These hotels are major local employers but the Government has not listened to them or asked for their experience. Has the Minister said at any time that perhaps those who have spent a lifetime working in the sector know something? The answer is "No", of course. Instead, the Government has doubled down. Like the description of the Bourbon dynasty, the Government parties learned nothing and forgotten nothing. They actively persist in clearly wrong-headed policies because they do not have the humility, or perhaps the capacity, to admit a mistake that may yet end up causing job losses and closures in Laois-Offaly and constituencies beyond. Many are now considering if there is a vendetta against pubs, hotels and restaurants. At one time we would have put such remarks down to an excess of imagination but now it is not so easy to dismiss these concerns. The official Government line is that it wants to see hotels, restaurants and pubs fully operational and open but this week we have seen even more so-called guidance down to the kind of decorative umbrellas pubs should not use on cocktail drinks. This kind of nonsense highlights the patronising stance the Government has, perhaps unwittingly, adopted towards the sector.

I am glad to support this motion to nullify and rescind the statutory instrument or blank cheque that was given to the Minister for Health last week. I thank the Kerry publicans who came up here today to fight their case, including the O'Callaghan brothers of the Fáilte Hotel in Killarney, Pat the Tatler Jack and the other publicans that left Kerry early this morning and will not be back until late this evening to make a case and try to bring common sense into the industry, which should have been there all year. The Minister brought in a Bill last week to deal with a small number of pubs, which he believed were not serving food with the drink they served. Six days later, he comes out and says he will open all wet pubs. What kind of lunacy are they at? Are they gone stone mad?

I am glad the Fianna Fáil backbenchers, such as Deputy MacSharry, and Ministers of State, such as Deputy Rabbitte, will get a chance to vote with us because they said they were sold a pup last week. I am glad Sinn Féin will get a chance, because they voted with the Government, as they also did to reduce our speaking time. Sinn Féin said Government actions last week were nuts, just hours after voting for it. Deputy Kelly said it was bonkers and he will have a chance this evening or tomorrow, whenever the vote is, to vote against the Bill that was brought in last week.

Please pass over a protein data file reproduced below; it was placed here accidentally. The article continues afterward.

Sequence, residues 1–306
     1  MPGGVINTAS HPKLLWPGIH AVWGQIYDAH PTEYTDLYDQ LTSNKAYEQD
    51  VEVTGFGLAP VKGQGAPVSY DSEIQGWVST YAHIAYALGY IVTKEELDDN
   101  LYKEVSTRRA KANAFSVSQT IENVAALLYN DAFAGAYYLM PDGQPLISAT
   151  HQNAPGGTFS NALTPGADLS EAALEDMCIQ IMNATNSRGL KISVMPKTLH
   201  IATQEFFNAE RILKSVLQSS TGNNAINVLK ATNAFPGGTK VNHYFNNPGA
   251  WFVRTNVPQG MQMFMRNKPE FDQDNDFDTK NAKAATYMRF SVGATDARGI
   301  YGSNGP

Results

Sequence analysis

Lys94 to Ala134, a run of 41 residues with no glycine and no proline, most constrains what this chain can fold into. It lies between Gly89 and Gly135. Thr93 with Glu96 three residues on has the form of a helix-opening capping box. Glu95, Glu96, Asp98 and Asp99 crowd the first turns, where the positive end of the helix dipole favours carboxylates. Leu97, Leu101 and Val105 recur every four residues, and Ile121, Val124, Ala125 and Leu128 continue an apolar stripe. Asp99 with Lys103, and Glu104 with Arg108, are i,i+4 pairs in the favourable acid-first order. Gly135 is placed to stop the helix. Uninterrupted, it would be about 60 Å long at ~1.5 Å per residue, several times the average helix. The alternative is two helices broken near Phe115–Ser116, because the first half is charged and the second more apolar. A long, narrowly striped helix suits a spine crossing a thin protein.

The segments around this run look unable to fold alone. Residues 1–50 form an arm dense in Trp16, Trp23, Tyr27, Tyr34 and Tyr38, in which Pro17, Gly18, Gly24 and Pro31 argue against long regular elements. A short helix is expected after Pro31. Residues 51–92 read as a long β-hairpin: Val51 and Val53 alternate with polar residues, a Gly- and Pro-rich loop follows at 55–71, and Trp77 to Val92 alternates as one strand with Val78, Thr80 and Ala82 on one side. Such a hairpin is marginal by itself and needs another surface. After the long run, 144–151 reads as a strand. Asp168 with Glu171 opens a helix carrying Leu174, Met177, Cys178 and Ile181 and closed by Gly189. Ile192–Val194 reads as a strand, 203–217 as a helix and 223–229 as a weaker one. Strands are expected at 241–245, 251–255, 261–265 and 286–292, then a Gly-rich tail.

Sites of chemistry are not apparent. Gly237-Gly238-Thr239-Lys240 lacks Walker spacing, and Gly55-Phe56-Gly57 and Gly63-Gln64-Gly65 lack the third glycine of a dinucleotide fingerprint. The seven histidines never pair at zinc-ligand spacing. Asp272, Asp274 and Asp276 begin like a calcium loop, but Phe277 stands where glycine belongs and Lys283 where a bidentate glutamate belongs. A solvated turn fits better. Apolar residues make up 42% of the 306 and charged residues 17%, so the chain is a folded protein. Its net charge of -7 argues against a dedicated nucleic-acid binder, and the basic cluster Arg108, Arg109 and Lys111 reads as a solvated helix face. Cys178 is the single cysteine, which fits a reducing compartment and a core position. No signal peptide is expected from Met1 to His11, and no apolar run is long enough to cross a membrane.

The Government today say they will open all pubs on 21 September. I do not believe it. I am sure no pub would be left open were it not for the savage pressure put on the Government last weekend when people realised what it was after doing. It is hard to make sense of this Government. When there was less than ten cases a day, it would not allow the pubs to open. Now there are 320 cases a day and it can open the pubs no bother. It is hard to make sense out of that.

The carry-on by the Tánaiste and the Taoiseach is disgraceful. The Tánaiste tweeted that he could not understand why pubs were closed. He closed them last March and he kept them closed in June. As Tánaiste, he did not allow them to open on 20 July, 10 August or 13 September as he promised but he is saying he will open them on 21 September. I do not believe him. He said the Bill was to follow up on a small number of rogue pubs and he told us that NPHET advised the Government that pubs serving drink should have to serve food. NPHET denies this. Did the Government think this up or was it Fáilte Ireland? I want to know and the publicans of Ireland want to know. I asked before how the virus would know whether you were having a meal with your pint or whether you were not having it at all.

As for the Taoiseach, it was wrong of him to come out last Friday night and categorically deny that he wanted to know what people were eating for 28 days. The Minister for Health should not shake his head because that is what the Government parties looked for and those were the regulations they sent out to the pubs and restaurants. The Taoiseach came out on Friday night and contradicted that. It is misleading to go on like that. It is trying to mislead honest people who are trying to survive. Deputies and Ministers are saying one thing and voting the other way in this Chamber.